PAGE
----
UA among northeast Ohio group awarded $1 million prize


By William Singer, News Editor


The University of Akron, along with a group of several other universities, and the Northeast Ohio Council on Education were awarded a $1 million in the Talent Dividend competition.

The competition, sponsored by CEOs for Cities, awarded the university’s efforts to improve degree attainment amongst their students.

During a conference call with members of the media, President Scarborough expressed his excitement about the award.

“I think on this day we’re just all very excited about the opportunity to share this with all the many folks on our campuses that have developed all the new programs, and improved all of our processes just to make sure that students have the very best chance to graduate when they begin their college journey,”  Scarborough said. “I think one of the unique aspects to the prize is that it stimulated innovation in all of our campuses and it all took different forms.”

Many of the steps taken to improve the degree attainment rates for students can be traced to the advisory level, where student advisors have made an extra effort to keep their students on track with a process called “intrusive advising.”

“How advising used to look was it was the students’ responsibility to come in. It was very transactional,” said Stacey Moore, associate vice president of Student Success.

“‘Intrusive’ means it’s more proactive, it’s not reactive. You don’t wait for a student to come to you,”  Moore said. “[The advisors] are checking, they’re tracking, they’re building those relationships with students; you’re not leaving anything to chance.”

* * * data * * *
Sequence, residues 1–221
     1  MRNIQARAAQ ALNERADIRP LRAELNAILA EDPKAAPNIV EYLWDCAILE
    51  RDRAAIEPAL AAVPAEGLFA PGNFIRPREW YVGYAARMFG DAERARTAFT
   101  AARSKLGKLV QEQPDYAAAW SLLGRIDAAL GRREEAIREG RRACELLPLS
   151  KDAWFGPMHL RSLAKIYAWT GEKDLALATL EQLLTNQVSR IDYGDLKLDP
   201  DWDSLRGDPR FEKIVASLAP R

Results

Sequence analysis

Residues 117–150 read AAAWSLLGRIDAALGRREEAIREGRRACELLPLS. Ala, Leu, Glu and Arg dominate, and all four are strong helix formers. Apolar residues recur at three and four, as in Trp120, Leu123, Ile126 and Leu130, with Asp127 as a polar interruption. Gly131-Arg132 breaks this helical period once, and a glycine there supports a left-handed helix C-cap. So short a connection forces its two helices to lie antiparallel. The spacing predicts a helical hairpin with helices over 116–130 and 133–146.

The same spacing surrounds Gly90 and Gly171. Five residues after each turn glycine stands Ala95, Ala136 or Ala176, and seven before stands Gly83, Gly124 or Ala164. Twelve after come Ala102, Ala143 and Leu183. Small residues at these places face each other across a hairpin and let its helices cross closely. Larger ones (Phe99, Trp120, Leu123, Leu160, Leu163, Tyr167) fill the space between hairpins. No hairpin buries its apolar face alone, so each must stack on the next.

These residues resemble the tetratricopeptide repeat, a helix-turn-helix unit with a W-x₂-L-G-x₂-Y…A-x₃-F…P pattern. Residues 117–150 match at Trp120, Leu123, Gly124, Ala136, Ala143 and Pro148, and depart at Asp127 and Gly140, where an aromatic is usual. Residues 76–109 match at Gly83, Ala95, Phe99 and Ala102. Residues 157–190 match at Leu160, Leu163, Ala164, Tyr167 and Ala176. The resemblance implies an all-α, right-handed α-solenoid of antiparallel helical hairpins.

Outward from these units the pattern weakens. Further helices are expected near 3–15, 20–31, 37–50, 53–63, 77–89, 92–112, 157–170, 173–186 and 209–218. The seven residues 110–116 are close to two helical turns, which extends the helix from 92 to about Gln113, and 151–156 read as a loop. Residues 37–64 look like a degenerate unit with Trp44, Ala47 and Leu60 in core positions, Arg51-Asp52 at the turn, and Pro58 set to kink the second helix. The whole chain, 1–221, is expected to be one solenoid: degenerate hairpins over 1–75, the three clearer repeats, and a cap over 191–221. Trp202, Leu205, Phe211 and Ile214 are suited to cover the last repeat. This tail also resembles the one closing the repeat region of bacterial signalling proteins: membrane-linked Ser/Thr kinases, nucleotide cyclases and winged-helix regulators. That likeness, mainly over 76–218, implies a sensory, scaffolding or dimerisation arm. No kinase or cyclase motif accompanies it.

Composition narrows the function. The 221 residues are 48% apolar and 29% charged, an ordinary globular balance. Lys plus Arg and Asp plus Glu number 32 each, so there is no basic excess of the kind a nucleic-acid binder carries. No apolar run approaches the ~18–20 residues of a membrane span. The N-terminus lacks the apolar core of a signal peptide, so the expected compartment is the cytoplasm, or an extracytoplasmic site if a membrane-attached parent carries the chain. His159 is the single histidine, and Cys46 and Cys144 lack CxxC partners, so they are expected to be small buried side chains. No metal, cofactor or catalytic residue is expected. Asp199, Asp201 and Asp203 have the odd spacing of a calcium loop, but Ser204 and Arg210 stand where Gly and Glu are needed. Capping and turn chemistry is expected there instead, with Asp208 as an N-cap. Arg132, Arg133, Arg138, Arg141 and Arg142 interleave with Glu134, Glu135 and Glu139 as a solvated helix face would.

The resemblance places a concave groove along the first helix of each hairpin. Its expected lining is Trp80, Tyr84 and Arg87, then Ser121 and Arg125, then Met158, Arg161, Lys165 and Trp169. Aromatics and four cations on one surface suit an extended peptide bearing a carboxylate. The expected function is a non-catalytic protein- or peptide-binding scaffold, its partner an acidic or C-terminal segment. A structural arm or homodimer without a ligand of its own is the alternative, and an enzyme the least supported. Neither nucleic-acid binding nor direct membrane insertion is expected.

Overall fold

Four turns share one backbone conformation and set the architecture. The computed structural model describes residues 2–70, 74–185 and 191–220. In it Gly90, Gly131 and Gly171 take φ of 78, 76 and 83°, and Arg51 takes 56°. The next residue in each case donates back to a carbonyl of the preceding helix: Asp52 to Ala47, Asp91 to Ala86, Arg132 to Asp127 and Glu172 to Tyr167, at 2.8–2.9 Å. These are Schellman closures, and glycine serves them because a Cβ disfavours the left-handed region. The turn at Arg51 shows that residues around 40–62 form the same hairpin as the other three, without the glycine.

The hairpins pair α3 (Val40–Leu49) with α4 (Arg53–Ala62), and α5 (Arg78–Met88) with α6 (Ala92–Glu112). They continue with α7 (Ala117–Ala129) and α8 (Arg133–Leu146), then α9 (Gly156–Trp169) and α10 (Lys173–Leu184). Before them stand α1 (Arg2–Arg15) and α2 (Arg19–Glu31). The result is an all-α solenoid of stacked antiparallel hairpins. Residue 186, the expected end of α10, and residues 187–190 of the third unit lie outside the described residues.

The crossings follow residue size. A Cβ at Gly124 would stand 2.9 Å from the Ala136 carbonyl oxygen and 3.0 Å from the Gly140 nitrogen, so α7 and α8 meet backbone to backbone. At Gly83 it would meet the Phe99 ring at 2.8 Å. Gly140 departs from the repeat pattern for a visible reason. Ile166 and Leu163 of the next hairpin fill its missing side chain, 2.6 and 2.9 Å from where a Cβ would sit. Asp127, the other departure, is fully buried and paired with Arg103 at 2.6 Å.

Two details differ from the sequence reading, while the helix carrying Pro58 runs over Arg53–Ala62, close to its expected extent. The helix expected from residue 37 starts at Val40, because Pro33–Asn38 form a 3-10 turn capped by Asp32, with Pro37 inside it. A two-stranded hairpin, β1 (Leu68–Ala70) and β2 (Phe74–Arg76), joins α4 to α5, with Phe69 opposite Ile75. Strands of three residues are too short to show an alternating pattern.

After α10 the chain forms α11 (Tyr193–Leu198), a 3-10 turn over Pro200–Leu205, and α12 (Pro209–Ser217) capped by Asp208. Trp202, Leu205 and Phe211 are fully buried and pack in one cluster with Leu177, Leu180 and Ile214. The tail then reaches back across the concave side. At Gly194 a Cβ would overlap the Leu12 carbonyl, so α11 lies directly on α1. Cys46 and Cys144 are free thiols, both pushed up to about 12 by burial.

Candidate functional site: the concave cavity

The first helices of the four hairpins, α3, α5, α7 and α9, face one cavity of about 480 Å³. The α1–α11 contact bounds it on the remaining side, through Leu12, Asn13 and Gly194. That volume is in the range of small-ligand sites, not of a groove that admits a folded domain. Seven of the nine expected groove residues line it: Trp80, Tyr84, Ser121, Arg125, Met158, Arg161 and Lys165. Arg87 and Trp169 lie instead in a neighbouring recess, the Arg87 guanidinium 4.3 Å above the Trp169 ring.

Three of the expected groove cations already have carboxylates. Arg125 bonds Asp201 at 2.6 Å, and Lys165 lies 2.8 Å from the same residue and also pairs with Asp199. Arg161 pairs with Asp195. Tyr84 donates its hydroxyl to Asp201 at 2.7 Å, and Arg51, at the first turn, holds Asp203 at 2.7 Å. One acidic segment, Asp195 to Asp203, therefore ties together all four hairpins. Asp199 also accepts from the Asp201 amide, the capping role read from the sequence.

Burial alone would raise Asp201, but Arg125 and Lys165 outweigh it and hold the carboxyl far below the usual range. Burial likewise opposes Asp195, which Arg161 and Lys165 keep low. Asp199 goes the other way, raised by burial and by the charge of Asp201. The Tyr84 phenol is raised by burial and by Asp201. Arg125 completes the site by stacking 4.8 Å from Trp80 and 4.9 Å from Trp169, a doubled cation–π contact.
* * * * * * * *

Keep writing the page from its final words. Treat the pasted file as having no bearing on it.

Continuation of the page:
Moore continued, “Advising now is about coaching and modeling and teaching. It’s not about just figuring out a class schedule and hoping you do well.”

Another one of the tools found to be effective in helping students close to graduation attain their degree is something called a “gap scholarship.”

“Gap scholarships” are smaller scholarships, ranging from about $350 to $1,000, designed to help students who may be one or two semesters away from graduation.

“Our whole purpose is our students. Our whole purpose is helping people get degrees, because we know economically for them, it’s vastly better to have a degree than not,”  Moore said.

Moore continued by explaining that one of the things apparent in the data was that students were getting to 100 credits, 110 credits, and 125 credits and not completing their degree. Surveys and interviews conducted by Student Success of students who did not return to school illustrated that many of them were having financial difficulty.

“Some of the most challenging ones were when students were having somewhere between a $50 amount to a couple thousand dollars – those are small amounts of money given that they’ve already completed most of your degree. If we can find a way to give them a grant and have them finish, it’s excellent for both the student and the institution,”  Moore said.

Moore also explained that UA is working to improve the first-year experience that helps students connect to the university in order to improve their overall academic performance. The program will also aim to improve the career exploration resources for students who are still early in their college experience.

According to the CEOs for Cities website, the $1 million will be used to launch a national promotional campaign for the winning city, as well as showcasing local talent development at the national level.